Gatsby File System Route API: Multiple Source MDX

Date published: 16-Mar-2021
3 min read / 904 words
Author: Paul Scanlon

React
Gatsby
JavaScript
MDX

In this post I'm going to provide an example of how to use Gatsby's File System Route API to source MDX files from multiple locations anywhere in you projects directory structure.

Links

  • Demo
  • GitHub repo

When I first read the docs for the File System Route API I didn't initially make the connection between "file system" and "route", but in short the idea behind this API is that Gatsby will create URLs in accordance with how you've organized your pages directory, E.g


|-- src
|-- pages
|-- about.js

Which would produce an about page on a route or URL like this, E.g http://localhost:8000/about or www.example.com/about

Using the file system in this way it makes it quite easy to determine the eventual URL of any given page of your website, and this also works for nested directories, E.g


|-- src
|-- pages
|-- company
|-- about.js

Which would produce a route or URL like this http://localhost:8000/company/about or www.example.com/company/about

The above is actually default Gatsby behavior and uses the Files System Route API under the hood. In this post I'll be taking it a step further and demonstrate the power of "programmatically" naming directories and files. For completeness I did want to point out that Gatsby is able to create routes from any .js|tsx|md|mdx file(s) found under src/pages

However things get a little more dicey if:

  1. You want to source from outside of src/pages
  2. If the "page" is used to programmatically render content written in MDX

To address one issue at a time. First I'll deal with sourcing from outside of the src/pages directory

1. gatsby-source-filesystem

For example, If I wanted to source my MDX from a directory called things which has x2 sub directories called posts and projects E.g


|-- src
|-- things
|-- posts
|-- post-1.mdx
|-- projects
|-- project-1.mdx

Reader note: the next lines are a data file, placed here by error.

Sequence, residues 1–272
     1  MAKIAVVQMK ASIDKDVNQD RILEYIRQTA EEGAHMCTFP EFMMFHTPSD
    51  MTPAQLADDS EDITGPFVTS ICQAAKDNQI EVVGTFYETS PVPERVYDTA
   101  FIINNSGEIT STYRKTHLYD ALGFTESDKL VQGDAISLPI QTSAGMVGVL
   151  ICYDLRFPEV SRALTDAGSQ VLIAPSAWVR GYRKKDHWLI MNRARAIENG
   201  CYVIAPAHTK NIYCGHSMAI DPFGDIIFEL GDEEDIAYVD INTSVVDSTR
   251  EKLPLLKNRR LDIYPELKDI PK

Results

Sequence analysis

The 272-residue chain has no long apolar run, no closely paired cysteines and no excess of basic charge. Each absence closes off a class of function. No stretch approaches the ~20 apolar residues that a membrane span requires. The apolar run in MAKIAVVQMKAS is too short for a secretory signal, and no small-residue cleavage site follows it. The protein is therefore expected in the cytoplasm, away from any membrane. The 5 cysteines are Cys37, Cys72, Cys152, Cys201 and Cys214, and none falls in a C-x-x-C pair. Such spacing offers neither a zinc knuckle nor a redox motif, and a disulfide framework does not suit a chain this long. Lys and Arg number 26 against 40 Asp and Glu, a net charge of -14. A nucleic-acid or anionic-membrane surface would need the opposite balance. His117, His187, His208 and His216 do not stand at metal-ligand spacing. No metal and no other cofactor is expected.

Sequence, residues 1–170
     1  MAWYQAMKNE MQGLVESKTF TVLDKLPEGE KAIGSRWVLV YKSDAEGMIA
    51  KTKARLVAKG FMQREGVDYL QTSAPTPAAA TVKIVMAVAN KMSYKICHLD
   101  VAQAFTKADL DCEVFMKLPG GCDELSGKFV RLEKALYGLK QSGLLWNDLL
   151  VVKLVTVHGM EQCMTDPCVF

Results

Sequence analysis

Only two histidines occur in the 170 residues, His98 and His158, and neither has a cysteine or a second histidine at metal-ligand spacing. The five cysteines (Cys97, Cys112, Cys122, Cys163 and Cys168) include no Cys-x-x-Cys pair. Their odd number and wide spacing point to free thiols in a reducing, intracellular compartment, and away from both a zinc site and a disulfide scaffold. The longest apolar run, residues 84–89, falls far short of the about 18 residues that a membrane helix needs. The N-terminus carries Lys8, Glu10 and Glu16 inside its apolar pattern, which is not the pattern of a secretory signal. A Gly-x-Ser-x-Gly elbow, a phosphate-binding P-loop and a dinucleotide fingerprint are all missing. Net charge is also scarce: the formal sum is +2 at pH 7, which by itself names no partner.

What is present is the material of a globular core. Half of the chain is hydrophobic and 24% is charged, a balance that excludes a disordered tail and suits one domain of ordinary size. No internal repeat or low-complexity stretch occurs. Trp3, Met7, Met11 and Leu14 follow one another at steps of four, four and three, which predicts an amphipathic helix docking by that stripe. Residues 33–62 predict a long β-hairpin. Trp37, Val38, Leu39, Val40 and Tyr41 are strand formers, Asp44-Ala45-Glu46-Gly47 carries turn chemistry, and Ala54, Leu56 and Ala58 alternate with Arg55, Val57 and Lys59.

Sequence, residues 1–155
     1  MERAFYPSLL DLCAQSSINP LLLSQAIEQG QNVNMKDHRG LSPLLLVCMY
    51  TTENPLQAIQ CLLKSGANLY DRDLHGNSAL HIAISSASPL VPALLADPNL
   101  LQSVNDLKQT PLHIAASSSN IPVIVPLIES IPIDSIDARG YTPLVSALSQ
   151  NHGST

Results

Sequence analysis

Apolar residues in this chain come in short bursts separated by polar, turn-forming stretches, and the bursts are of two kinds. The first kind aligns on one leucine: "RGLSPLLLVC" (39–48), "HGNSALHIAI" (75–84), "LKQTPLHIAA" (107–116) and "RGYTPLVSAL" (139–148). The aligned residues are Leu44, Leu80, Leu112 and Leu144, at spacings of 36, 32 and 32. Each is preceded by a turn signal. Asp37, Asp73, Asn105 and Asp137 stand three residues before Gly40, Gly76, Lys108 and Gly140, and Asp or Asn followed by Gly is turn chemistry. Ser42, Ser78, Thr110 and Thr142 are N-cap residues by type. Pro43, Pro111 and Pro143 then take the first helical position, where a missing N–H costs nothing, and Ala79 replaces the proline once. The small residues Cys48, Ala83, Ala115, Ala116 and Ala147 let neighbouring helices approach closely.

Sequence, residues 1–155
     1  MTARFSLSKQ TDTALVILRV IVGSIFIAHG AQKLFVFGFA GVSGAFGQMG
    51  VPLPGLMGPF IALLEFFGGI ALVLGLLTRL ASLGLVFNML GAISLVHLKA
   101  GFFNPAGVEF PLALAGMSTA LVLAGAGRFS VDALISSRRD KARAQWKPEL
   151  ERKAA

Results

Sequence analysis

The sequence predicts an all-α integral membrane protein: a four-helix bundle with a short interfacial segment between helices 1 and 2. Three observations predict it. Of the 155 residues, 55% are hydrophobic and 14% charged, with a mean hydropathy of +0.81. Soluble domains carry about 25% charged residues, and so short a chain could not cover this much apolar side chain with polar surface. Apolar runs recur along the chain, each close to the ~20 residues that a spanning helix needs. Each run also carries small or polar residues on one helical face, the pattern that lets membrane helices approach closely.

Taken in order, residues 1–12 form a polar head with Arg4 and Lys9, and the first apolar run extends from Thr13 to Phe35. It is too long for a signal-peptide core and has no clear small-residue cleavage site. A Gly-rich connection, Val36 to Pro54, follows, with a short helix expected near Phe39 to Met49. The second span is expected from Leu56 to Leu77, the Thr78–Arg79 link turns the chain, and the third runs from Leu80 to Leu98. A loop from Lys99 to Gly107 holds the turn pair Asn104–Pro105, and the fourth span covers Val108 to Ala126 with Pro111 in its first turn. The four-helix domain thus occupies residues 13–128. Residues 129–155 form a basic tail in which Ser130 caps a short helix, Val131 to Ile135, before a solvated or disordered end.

|-- pages

I'd install gatsby-source-filesystem, add the plugin to gatsby-config.js and use multiple resolvers to source from multiple file system locations. E.g


// gatsby-config.js
module.exports = {
plugins: [
{
resolve: `gatsby-source-filesystem`,
options: {
path: `${__dirname}/src/things/posts`,
},
},
{
resolve: `gatsby-source-filesystem`,
options: {
path: `${__dirname}/src/things/projects`,
},
},
],
}

2. gatsby-plugin-mdx

Because my "source" is MDX I'd also install gatsby-plugin-mdx and add the plugin to gatsby-config.js


// gatsby-config.js
module.exports = {
plugins: [
{
resolve: `gatsby-source-filesystem`,
options: {
path: `${__dirname}/src/things/posts`,
},
},
{
resolve: `gatsby-source-filesystem`,
options: {
path: `${__dirname}/src/things/projects`,
},
},
+ `gatsby-plugin-mdx`,
],
}

Whilst this will indeed "source" my MDX from the above locations they're not actually pages yet!

To turn them into pages Gatsby needs to be told about them... and Gatsby is expecting to be told about them in src/pages

src/pages

It's here were I can leverage the magical curly braces that you might have seen mentioned in the docs

In the demo repo you'll see I have something like this 👇

Just a heads up but, notice content is a sub directory of pages which is where the magic will happen


|-- src
|-- things
|-- posts
|-- post-1.mdx
|-- projects
|-- project-1.mdx
|-- pages
|-- content
|-- {mdx.frontmatter__variant}
|-- {mdx.slug}.js

frontmatter

If you're familiar with MDX you'll probably already know about frontmatter but for those who don't frontmatter is a special way to store and then later query and render additional information about an MDX file.

Here's the frontmatter used in post-1.mdx from the demo repo


---
title: A post called post 1
variant: posts
tags: [React, Gatsby, MDX]
---
...